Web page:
Low-Energy Plaque Construction

COMS-type gold seed carriers typically can be ordered in 6 sizes in 10-20 mm diameters (Trachsel DentalStudios, 1-507-288-2362).

COMS-type gold seed carriers

Rice-sized radioactive seeds are purchased and glued into the eye-plaque or seed carrier.

Rice-sized radioactive seeds

The gold of the eye-plaque will block more than 99% of the radiation to the back and sides, creating a directional source. The active surface (facing us) is sewn onto the eye beneath the base of the intraocular tumor.

The active surface of an eye plaque

Surgical Techniques for Eyelid Tumors


Tumors of the eyelids may be benign cysts, inflammations (stye’s), or malignant tumors (skin cancers). The most common type of eyelid cancer is basal cell carcinoma. Most basal cell carcinomas can be removed with surgery. If left untreated, these tumors can grow around the eye and into the orbit, sinuses and brain. Other eyelid cancers include squamous cell carcinoma, sebaceous cell carcinoma, and malignant melanoma. Together, these tumors make up the remaining 10% of eyelid malignancies.


A simple biopsy can determine if your eyelid tumor is malignant. Then, malignant tumors are completely removed and the eyelid is repaired using plastic surgery techniques. Additional cryotherapy (freezing-therapy) and radiation are sometimes required after surgery.

A Typical Work-Up for a Suspected Malignant Eyelid Tumor

  • Biopsy
  • Medical Work-up (as indicated)
  • Surgery and/or Radiotherapy of Tumor and Margins
  • Reconstruction

Surgery for Eyelid Tumors

  • General: The goal should be total removal of the cancer. This usually involves primary excision with either frozen section control or Moh’s technique.
  • Small tumors are usually removed by pentagonal wedge resection.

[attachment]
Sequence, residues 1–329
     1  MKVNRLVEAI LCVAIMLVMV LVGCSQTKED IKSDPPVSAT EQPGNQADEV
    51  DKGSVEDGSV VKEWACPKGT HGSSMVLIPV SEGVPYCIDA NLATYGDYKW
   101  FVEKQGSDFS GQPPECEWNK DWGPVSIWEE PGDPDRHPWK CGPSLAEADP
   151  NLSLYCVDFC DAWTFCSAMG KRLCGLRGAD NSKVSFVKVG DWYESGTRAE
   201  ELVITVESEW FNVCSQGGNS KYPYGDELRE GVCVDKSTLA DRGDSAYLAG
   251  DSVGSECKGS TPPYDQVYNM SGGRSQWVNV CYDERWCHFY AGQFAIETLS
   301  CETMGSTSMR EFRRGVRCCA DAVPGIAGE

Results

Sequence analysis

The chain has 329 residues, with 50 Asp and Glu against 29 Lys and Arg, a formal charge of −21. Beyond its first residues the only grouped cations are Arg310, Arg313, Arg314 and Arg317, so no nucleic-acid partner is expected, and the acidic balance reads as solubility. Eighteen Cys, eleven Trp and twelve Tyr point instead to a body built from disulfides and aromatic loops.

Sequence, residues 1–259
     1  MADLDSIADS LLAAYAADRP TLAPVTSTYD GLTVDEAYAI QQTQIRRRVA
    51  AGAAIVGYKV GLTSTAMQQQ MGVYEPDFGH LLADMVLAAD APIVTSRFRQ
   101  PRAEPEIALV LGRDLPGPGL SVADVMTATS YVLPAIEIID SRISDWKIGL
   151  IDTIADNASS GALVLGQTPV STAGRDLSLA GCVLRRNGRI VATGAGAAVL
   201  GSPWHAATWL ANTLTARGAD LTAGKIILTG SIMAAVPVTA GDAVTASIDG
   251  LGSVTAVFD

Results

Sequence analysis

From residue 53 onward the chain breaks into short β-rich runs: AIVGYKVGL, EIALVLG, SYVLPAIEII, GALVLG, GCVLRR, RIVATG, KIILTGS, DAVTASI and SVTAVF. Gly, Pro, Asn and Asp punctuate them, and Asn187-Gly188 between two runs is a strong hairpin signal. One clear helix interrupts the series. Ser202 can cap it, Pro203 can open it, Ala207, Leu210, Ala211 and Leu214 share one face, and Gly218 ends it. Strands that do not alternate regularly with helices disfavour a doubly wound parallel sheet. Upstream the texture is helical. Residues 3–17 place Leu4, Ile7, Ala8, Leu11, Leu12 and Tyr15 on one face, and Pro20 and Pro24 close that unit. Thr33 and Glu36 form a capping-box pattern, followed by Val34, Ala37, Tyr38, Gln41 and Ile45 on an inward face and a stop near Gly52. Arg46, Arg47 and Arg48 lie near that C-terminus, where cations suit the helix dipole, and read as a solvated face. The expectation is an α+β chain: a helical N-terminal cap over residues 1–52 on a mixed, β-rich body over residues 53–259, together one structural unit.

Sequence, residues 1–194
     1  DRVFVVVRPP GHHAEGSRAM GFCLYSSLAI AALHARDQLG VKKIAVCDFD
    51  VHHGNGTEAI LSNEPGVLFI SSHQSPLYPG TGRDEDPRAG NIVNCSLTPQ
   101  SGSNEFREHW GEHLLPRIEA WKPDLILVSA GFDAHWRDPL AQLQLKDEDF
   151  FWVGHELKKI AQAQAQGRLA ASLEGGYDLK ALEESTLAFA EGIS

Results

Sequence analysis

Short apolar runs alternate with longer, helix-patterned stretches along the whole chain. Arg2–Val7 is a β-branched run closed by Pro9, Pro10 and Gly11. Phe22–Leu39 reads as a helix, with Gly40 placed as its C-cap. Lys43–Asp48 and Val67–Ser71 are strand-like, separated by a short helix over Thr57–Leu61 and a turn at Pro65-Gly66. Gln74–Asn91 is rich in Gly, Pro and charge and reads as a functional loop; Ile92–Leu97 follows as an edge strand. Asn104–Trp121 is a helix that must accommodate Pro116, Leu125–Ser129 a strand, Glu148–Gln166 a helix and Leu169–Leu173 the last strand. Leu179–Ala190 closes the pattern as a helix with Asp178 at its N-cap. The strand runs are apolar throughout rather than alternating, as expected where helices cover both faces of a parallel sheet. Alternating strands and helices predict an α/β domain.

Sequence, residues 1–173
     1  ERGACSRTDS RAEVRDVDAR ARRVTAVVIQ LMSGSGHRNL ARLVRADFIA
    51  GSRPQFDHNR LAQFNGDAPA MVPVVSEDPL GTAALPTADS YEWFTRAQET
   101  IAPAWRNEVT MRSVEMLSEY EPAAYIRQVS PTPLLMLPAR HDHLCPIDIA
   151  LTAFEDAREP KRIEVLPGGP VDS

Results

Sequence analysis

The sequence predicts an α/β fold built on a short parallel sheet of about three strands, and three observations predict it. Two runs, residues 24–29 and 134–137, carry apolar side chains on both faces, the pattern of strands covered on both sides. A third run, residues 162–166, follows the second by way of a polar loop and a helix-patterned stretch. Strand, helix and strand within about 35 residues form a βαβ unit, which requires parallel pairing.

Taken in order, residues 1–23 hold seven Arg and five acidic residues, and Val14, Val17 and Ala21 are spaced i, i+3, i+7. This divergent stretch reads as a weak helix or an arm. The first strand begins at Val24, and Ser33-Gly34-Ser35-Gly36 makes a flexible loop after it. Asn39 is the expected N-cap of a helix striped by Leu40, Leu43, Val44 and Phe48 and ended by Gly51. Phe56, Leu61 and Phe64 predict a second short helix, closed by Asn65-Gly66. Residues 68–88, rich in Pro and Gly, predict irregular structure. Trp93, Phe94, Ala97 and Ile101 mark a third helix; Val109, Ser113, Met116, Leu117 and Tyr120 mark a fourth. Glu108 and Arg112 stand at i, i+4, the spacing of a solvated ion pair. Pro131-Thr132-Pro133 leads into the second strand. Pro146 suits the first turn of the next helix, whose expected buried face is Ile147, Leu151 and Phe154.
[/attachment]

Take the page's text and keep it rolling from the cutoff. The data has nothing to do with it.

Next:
• Medium-sized tumors often require reconstruction with transpositional flaps (Tenzel, Mustarde, Glabellar).
  • Large-tumor resections are typically reconstructed with Hughes, Hewes, or Cutler-Beard Techniques.


  1. Hughes WL. New method for rebuilding a lower lid: Report of a case. The Archives of Ophthalmology 17:1008-1017, 1937.
  2.  Hewes EH, Sullivan JH, Beard C. Lower eyelid reconstruction by tarsal transposition. American Journal of Ophthalmology 85:1164-1169, 1978.
  3. Cutler NL, Beard C. A method for partial and total upper lid reconstruction. American Journal of Ophthalmology 39:1-7, 1955.
  4. Tenzel RR, Stewart WB. Eyelid reconstruction by the semicircle flap technique. Ophthalmology 85:1164-1169, 1978.
  5. Harrington JN. Reconstruction of the medial canthus by spontaneous granulation (laissez-faire): A review. Annals Ophthalmology 14:956-960, 1982.

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Overview of the Treatment of Metastatic Melanoma

If you are newly diagnosed with a primary choroidal “intraocular” melanoma, you are likely to have no signs or symptoms of metastatic melanoma. According to a recent study utilizing total body PET/CT to stage uveal melanoma patients at diagnosis, 1% of (T1 and T2) sized tumors and 4% of (T3 and T4) size tumors were found to have their melanomas spread to other parts of their body at the time diagnosis of their eye tumor. But, up to 50% will subsequently be found to have metastasis over the following years. Be assured that many patients diagnosed and treated for choroidal melanoma will not develop metastatic melanoma.